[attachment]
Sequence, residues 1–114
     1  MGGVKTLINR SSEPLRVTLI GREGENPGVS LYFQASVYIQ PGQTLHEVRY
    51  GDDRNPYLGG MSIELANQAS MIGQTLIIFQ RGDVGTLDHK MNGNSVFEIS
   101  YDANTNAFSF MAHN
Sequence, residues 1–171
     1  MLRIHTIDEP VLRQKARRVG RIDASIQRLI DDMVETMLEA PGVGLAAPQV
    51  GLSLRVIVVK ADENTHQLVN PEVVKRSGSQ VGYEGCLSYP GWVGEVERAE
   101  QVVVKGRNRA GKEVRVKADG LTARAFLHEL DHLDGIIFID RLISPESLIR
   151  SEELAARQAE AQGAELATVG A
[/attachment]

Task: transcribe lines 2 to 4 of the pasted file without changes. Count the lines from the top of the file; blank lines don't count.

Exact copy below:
     1  MGGVKTLINR SSEPLRVTLI GREGENPGVS LYFQASVYIQ PGQTLHEVRY
    51  GDDRNPYLGG MSIELANQAS MIGQTLIIFQ RGDVGTLDHK MNGNSVFEIS
   101  YDANTNAFSF MAHN